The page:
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Israel fears rapprochement between US, Iran

Some officials in Egypt, Saudi Arabia and Israel fear that the United States aspires to replace its traditional Middle East alliance with a moderate Iran.
U.S. President Barack Obama and Israel's Prime Minister Benjamin Netanyahu walk away after a news conference at the Prime Minister's residence in Jerusalem, March 20, 2013. Making his first official visit to Israel, Obama pledged on Wednesday unwavering commitment to the security of the Jewish State where concern over a nuclear-armed Iran has clouded bilateral relations.        REUTERS/Larry Downing  (JERUSALEM - Tags: POLITICS) - RTR3F8TR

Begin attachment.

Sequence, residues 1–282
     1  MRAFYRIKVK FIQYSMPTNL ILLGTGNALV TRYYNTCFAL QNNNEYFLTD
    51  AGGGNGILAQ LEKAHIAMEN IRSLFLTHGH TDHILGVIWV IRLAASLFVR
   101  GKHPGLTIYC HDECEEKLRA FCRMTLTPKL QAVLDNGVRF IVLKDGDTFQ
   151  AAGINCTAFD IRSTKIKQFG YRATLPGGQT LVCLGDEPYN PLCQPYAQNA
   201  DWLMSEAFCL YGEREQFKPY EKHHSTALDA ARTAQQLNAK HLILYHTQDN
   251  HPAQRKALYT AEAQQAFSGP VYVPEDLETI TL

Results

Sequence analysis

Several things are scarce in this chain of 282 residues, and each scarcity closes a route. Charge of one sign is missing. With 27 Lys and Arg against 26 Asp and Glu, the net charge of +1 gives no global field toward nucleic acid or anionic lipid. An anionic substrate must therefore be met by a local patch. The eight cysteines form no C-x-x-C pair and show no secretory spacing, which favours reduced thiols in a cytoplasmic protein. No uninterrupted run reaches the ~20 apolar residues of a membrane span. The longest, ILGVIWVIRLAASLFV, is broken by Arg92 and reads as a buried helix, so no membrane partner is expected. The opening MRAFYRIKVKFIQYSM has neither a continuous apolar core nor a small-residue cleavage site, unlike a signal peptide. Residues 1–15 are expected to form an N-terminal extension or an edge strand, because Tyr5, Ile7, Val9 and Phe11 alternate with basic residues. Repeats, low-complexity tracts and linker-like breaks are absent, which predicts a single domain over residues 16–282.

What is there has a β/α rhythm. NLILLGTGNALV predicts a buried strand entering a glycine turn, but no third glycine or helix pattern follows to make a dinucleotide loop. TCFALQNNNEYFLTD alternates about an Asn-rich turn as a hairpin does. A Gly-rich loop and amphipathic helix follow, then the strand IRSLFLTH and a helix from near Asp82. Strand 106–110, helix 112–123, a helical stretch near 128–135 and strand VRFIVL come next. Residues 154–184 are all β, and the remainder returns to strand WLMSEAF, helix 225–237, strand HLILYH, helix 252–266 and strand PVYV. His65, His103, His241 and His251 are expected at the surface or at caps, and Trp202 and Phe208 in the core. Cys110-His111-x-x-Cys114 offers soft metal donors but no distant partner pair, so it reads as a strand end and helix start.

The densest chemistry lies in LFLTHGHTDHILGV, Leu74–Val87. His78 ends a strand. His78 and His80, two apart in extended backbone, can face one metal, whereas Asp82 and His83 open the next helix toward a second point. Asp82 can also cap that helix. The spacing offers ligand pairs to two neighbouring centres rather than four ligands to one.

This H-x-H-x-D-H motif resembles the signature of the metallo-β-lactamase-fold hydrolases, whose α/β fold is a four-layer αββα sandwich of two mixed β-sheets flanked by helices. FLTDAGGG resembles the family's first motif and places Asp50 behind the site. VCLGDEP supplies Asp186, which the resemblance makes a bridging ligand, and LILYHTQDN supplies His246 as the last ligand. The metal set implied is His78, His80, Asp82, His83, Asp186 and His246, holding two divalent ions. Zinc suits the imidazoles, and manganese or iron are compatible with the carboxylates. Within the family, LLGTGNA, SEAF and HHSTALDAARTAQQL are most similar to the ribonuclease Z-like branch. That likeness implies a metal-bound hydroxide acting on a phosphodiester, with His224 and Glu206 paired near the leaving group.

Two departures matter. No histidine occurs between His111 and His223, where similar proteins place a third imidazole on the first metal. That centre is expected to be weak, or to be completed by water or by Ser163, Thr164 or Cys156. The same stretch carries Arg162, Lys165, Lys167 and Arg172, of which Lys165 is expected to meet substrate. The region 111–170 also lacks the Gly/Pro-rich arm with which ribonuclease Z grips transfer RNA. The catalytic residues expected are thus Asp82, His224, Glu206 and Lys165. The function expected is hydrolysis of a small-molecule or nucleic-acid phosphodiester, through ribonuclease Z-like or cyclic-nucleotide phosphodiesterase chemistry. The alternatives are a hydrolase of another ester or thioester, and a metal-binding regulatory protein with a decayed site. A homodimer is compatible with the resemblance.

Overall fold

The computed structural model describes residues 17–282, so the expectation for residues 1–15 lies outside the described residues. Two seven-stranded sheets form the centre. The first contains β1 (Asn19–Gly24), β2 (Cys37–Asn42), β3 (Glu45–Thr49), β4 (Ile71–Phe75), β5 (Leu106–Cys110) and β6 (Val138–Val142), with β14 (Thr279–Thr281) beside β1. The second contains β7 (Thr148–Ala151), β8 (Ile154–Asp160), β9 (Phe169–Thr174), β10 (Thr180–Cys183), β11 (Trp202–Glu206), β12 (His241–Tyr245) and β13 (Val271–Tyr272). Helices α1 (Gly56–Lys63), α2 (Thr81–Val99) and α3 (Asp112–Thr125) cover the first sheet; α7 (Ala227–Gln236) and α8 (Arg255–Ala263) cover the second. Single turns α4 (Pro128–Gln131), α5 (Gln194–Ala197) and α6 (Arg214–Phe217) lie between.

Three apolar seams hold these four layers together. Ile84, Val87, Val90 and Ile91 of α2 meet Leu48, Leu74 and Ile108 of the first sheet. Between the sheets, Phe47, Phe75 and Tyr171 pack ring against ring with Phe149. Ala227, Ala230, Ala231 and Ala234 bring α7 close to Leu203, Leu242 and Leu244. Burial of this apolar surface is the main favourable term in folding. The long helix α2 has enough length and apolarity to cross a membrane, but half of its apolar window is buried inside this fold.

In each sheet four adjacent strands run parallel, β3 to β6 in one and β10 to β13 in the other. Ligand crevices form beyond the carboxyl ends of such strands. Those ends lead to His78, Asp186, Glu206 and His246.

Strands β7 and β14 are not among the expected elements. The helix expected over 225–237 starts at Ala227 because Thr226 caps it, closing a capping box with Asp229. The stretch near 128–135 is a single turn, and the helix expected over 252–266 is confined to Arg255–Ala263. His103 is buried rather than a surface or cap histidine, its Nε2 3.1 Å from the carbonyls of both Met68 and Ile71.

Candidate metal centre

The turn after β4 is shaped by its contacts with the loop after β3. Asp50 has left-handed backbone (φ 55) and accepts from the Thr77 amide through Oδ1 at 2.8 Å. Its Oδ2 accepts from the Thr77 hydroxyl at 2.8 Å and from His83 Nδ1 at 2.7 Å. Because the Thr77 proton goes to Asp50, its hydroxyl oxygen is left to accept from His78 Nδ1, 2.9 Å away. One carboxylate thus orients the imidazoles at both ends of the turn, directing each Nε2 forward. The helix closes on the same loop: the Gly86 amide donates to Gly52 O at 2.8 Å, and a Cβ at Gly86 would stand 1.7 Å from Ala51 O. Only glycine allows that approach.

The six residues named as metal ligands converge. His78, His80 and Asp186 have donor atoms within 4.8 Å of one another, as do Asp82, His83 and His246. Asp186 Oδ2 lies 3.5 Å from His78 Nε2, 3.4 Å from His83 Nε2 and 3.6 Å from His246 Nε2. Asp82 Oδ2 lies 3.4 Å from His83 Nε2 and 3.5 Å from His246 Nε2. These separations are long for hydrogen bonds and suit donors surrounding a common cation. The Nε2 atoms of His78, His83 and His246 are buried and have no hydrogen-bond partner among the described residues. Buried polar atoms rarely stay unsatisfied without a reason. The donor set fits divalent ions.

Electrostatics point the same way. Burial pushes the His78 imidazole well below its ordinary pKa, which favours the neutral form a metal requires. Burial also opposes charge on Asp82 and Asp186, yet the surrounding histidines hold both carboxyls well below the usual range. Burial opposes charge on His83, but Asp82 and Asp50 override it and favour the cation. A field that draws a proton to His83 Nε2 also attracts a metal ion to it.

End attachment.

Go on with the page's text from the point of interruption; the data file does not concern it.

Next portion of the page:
The public confrontation between the Barack Obama administration and the Benjamin Netanyahu government, which includes also a personal conflict between Obama and Netanyahu, has two sides: a revealed facet and a hidden facet.

The revealed, publicized side is constantly in our face. Hardly a day goes by in which a new red line is not crossed. On Feb. 18, White House spokesman Josh Earnest said in a media briefing that his country still confers with Israel regarding the Iran nuclear talks but is concerned that leaked information could undermine the chances for success of the talks. He said, "There's no question that some of the things that the Israelis have said in characterizing our negotiating position have not been accurate." Earnest added that the United States would like to guarantee that information discussed in the talks will not be taken out of context or distorted.

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